When I arrived at Juvie today, I was told that they weren’t sure I could teach.Two of the girls had a really big fight earlier and everyone was on edge.They thought they might be on the verge of violence.
“It’s okay,” I said. “I’m good.”
“I’m not so sure. It was ugly,” the PO said.
“They probably will not want to come and I’m not sure it’s a good idea!”
“I am sure it is a good idea,” I say. “Maybe they can work it out.”
I see the laughter in her eyes. Like yeah. Right.
“We are a little worried. We want you close, so you have to be up here near the office,” she adds. “Okay,” I say.
They are scared, not for the kids, but for themselves. No one wants a big fight or something that could turn into a riot on his/her watch.
“Whatever you need. I’m good. Really, I got this. Just bring me the girls. I’m sure they will come.”
“I’ll be right here,” the PO answers.
The girls walk in. The two who are in the fight sit down on opposite sides of the room.
“We okay?” I ask as I look directly at each of them.
They have the tightest mask on.
They have every ounce of attitude out on display.
I take a deep breath.
Actually I take about three.
The tension is very high.
Call me crazy, but I am not scared. I am sad.
They came, so I choose to trust.
“Thank you for coming. I know you didn’t want to.
I know you have shit going on,” I say.
When I want to get their attention, I throw in a baby curse word.
“Do you want to talk?”
They shake their heads, no.
“Can we please try?
Let’s use what we learned in class.
Start with an ‘I’ sentence.”
I am carefully pushing.
One looked straight at the other and says,
“I miss you. I am sorry. Please.”
I almost fell off the chair.
Her eyes were teary and genuine. She was so vulnerable.
It was silent in the room.
The other one didn’t move, didn’t look in the direction.
Hard as a rock.
Closed and shut down.
“COME ON!!!” I yell.
She looks at me and I imagine if she had a gun I’d be dead.
I look at her.
“I am going to fucking kill you.
How can you not respond to what she said ?”I add .
And, for a second, she lost her guard when I said ‘fucking.’”
And she laughed.
Only to go right back to the tight, mean looking attitude.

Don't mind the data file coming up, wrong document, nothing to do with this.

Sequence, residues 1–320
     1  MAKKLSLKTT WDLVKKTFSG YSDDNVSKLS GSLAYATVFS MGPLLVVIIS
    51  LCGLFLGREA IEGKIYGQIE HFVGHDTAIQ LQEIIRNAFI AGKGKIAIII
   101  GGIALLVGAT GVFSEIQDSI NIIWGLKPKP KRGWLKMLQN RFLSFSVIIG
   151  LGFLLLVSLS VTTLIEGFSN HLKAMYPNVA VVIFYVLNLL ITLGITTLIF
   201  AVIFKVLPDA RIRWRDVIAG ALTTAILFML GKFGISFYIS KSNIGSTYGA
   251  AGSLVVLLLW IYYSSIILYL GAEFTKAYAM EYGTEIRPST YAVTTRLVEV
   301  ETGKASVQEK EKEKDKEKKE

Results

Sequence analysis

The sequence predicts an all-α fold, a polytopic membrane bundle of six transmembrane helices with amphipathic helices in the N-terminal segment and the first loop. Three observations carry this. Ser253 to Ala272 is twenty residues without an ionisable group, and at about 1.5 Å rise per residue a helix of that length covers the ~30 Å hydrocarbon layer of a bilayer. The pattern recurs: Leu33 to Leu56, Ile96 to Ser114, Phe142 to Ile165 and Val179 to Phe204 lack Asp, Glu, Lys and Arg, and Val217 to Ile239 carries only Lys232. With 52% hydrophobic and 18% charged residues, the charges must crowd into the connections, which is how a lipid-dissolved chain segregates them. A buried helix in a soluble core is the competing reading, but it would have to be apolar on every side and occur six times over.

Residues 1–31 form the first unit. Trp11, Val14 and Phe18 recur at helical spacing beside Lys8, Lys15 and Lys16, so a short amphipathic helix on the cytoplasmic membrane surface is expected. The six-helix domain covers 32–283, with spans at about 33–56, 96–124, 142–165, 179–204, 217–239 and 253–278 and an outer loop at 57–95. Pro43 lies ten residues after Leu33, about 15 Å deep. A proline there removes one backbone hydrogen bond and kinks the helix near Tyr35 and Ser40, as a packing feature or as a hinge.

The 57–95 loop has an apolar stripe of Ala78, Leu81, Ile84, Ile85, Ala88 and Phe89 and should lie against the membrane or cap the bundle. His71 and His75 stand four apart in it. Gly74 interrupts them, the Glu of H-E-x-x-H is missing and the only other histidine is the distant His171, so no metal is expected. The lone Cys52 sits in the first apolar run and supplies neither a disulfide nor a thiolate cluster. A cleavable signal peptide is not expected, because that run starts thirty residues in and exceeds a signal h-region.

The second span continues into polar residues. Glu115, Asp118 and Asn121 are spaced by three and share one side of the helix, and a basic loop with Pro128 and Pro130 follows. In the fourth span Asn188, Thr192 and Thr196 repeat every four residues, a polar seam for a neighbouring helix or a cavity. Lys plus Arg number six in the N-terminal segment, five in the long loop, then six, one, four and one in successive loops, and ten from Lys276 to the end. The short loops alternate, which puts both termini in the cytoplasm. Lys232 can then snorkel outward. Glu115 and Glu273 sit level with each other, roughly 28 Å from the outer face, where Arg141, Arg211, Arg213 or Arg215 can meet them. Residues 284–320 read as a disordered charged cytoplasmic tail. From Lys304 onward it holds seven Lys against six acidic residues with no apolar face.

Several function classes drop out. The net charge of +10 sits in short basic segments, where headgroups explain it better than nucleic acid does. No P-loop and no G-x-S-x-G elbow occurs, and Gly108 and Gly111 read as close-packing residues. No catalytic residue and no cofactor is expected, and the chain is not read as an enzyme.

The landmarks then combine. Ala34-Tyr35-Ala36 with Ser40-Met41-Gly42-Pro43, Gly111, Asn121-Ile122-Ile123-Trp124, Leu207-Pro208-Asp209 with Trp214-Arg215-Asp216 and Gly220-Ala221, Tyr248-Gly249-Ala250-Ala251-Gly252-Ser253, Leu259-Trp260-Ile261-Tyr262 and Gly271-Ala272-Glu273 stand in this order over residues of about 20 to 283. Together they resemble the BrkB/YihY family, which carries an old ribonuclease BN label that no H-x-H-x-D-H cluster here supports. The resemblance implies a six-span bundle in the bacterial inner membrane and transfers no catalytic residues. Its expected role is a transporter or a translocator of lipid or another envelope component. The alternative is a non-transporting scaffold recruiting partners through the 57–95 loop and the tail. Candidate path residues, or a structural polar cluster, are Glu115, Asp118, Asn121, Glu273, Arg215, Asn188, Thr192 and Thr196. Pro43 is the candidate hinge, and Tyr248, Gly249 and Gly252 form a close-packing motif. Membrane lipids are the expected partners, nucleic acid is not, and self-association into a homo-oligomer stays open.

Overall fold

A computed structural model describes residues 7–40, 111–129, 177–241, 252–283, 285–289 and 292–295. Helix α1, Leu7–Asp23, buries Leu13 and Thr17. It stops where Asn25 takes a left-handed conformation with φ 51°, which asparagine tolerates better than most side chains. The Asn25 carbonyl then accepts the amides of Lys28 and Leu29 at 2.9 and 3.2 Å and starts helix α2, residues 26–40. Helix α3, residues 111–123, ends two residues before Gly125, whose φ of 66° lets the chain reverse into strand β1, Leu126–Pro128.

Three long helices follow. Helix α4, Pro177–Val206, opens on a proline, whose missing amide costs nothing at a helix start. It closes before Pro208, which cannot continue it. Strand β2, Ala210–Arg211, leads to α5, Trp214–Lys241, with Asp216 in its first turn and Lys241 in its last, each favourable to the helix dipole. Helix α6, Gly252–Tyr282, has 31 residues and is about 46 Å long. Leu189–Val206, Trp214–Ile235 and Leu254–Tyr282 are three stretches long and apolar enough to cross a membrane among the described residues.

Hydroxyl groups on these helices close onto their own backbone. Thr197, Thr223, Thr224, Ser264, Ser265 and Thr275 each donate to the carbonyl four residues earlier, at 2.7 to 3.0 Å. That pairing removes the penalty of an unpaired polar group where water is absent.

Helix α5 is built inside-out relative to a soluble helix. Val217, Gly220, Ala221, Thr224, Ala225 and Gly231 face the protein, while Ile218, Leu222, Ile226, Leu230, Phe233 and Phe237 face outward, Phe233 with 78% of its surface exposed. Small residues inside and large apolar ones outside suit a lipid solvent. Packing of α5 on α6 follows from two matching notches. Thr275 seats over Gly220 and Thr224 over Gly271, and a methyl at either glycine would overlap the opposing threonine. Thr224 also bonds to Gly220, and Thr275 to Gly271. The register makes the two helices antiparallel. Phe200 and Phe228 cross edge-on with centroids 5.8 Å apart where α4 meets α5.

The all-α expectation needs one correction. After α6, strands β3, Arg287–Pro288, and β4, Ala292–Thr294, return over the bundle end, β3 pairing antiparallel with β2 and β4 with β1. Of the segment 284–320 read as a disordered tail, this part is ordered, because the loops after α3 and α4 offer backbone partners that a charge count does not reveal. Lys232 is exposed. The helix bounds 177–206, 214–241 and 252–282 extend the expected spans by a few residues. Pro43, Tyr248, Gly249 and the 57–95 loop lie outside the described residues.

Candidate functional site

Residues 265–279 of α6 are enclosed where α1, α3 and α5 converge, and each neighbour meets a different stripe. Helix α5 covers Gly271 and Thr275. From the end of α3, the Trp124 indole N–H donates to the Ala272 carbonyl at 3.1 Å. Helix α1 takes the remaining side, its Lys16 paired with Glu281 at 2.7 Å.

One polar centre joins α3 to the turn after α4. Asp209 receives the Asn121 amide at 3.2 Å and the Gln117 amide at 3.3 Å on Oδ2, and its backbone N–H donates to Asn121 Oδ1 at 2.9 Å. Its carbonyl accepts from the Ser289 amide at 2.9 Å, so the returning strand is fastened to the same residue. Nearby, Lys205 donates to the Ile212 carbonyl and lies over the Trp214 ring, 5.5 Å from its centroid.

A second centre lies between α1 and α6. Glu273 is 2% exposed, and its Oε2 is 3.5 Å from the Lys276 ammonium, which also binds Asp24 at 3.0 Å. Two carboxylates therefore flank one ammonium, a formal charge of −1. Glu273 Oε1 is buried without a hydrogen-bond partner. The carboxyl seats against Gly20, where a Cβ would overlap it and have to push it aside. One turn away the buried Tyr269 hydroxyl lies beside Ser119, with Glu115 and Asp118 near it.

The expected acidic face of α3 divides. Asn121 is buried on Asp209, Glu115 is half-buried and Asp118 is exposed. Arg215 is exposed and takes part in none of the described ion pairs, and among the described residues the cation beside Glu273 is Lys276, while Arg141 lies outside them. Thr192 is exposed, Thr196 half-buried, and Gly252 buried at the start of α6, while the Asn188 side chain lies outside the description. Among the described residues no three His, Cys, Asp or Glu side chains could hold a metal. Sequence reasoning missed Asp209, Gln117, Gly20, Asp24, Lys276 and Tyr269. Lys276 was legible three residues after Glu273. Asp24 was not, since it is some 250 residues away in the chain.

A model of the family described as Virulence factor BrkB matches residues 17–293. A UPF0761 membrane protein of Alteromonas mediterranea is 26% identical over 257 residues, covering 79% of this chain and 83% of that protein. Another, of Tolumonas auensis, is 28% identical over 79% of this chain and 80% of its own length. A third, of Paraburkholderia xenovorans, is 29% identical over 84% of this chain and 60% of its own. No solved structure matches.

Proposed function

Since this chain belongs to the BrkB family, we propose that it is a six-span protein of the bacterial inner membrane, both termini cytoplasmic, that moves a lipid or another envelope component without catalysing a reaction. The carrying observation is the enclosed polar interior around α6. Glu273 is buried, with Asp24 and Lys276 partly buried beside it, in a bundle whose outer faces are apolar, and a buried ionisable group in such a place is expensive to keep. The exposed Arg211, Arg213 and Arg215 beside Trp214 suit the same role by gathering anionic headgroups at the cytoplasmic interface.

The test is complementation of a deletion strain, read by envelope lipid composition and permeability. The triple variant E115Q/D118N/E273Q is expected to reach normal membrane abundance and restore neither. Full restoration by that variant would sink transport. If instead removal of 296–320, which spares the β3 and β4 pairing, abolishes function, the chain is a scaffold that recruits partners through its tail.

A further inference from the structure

“Did you think I didn’t know how to say that word?”
She turns her head away, because she knows I just might make her laugh again.
“Will you say something to her?” I ask
She shakes her head, no.
“Did you hear her?”
She nods, yes.
“Are we okay?”
She nods, yes.
She is not going to give in, but I can tell something tiny shifted, so tiny you could barely see it.
Actually, if you didn’t pay attention, you would have missed it.
We continue the class ,we work with masks.
When do you take off your mask? Is one of the questions I ask .
My tough one writes Never!
Really? I ask her.
That is so incredibly sad.
And it is so exhausting!!
She is distant and far. She is busy being tough and proving that she won this round.
I want to tell her that she can stop.
I want to tell her it’s okay.
I want to tell her that whoever hurt her should not make her close herself to the rest of the world.
I want to tell her that being tough isn’t winning.
I say nothing, and I watch her in her gang mode. She is HARD core gang.
Of course, one of the worst ones.
“You know,” I say to the group,
“I know it’s scary to take your mask off, but when you allow yourself to just be, and to be honest and dare to be vulnerable, that’s when you start to change.
I look at her and I wonder if she will ever change. Maybe not everyone can.
In the car on the way home I remember something someone sent me a few weeks ago.
It was written by Goethe.
Every day we should hear at least one little song, read one good poem,
see one exquisite picture, and, if possible, speak a few sensible words.
My tough gang banger came to the class.
She didn’t have to.
She sat through it.
She did the writing prompt.
She didn’t fight with her enemy.
She didn’t kill me when I pushed and pushed and pushed.
And for a split second, she lost her guard when I said “fucking.”
The cup might not be half full, but it isn’t empty either.
Maybe for now, that is enough.